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Social Design Best Practices November 5, 2007

Posted by jeremyliew in business models, facebook, game mechanics, google, myspace, open social, product management, social media, social networks, viral, viral marketing, web 2.0, web design.
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Bokardo notes a set of social design best practices as recommended by the Google OpenSocial team:

1. Engage Quickly – (my interpretation: provide value within 30 seconds)
2. Mimic Look and Feel – (make your widget look like the page it is in)
3. Enable Self Expression – (let people personalize their widgets)
4. Make it Dynamic – (keep showing new stuff)
5. Expose Friend Activity – (show what friends are doing)
6. Browse the Graph – (let people explore their friends and friends of friends)
7. Drive Communication – (provide commenting features)
8. Build Communities – (expose different axes of similarity)
9. Solve Real World Tasks – (leverage people’s social connections to solve real problems)

Worth reading the full text from OpenSocial

“Audience Communities” differentiate Online Media Publishers July 5, 2007

Posted by ravimhatre in Digital Media, media, newspapers, social media, social networks, start-up, startups, web 2.0, web design.
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Some of the more interesting new online media sites are perfecting the art of harnessing the audience to author content and in many cases to be part of the content.   The emerging model is between pure social media site UGC (user generated content) – random example I picked off Bebo – and traditional publisher sites such as CNN, Vogue,  and People  that produce highly edited material with almost no mechanism for user engagement. 

Sites such as YelpTeamsugar and Stylehive (LSVP Portfolio company) can be seen as new breed of publisher combining topical reader submitted text and images, information about audience activity,  and profile and reputational information about individual audience members to synthecitally develop media content.  In some cases, editorial content is also injected directly or derived by harvesting and combining select audience content and activity information.

This can result in a far richer experience than a typcial online media site which features published articles. It also stands apart from generic community or social media sites with UGC because of the automated editorial overlay that continously derives or “authors” many of the heavily consumed content pages on the site(ie “Most popular new restuarants”,  “today’s most viewed celebrity photo”, “hottest new undiscovered fashion brand”, “most active product reviewer of the past week”).  The net result is hybrid media publisher model that not only “speaks” to a target audience but also embraces and reflects the audience directly and in real-time.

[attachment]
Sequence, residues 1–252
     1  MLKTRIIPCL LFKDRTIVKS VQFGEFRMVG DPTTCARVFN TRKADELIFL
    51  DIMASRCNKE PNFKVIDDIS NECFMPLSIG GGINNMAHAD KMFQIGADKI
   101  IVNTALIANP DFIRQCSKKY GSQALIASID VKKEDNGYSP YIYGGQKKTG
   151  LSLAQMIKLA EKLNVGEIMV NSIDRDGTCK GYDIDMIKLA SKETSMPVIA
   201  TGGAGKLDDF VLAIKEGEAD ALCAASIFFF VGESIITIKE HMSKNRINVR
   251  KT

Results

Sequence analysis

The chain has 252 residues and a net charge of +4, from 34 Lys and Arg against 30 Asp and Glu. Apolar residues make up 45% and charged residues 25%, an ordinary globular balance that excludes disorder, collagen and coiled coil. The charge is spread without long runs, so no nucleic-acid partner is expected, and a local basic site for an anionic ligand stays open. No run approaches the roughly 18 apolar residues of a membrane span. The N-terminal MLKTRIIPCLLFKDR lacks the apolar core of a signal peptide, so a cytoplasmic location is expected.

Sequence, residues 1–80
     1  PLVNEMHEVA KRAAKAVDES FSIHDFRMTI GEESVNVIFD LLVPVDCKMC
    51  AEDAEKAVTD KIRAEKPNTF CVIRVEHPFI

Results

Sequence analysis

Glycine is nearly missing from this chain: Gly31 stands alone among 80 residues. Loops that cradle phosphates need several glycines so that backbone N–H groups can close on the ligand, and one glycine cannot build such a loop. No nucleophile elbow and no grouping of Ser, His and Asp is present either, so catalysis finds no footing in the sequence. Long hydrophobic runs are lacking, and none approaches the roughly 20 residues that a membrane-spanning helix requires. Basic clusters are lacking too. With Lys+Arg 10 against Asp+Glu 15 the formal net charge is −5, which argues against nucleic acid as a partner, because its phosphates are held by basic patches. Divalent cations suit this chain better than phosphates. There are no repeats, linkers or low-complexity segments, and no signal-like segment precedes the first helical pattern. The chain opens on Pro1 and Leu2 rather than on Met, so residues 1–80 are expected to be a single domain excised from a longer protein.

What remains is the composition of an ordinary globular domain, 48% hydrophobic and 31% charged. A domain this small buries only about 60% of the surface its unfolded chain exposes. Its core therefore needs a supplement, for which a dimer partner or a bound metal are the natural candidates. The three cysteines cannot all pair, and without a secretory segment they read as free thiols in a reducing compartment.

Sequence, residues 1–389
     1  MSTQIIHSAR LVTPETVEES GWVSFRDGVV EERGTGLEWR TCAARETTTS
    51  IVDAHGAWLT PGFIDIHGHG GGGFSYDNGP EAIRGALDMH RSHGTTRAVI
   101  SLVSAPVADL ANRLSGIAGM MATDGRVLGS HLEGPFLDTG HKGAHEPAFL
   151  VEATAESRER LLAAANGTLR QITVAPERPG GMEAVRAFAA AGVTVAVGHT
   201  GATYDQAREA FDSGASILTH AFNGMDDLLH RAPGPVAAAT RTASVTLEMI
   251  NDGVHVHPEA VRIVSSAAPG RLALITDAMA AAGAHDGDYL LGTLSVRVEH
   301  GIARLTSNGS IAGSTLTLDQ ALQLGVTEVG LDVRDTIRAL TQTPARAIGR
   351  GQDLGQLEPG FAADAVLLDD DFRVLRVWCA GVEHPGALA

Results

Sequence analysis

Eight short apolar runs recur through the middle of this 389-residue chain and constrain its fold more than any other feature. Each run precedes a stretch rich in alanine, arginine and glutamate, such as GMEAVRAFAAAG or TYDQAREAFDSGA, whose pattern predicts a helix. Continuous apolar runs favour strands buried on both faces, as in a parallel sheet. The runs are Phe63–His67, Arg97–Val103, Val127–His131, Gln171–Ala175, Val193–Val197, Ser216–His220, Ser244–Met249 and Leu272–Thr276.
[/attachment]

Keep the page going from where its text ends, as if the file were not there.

In a sense, Publishers 2.0  are harnessing their audience to do much of the work for keeping the site content fresh, enabling common interest groups to form, and generating non-portable rewards and validation for active users who do much of the “authoring”  traditionally performed by staff writers and editors.  We’ve labeled this  the “audience community”.   

We think there will be lots of new publishers who refine and perfect Web 2.0 mechanisms for becoming truly interactive with a target audience while still providing value-added editorial overlay.  We’d love to hear from you about other innovative ideas in this area.

Tips for web design and writing for the Time Poor April 4, 2007

Posted by jeremyliew in Consumer internet, Internet, start-up, startups, web design.
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Last month I posted about the difference in building websites for the Time Rich vs the Time Poor.

The Annenberg School’s Online Journalism Review has a great summary of findings from Nielsen’s eyetracking studies about how to optimize writing and web page design for a Time Poor audience. It’s highly recommended.

The study’s results about crotch fixations are troubling though…
George Brett eye tracking study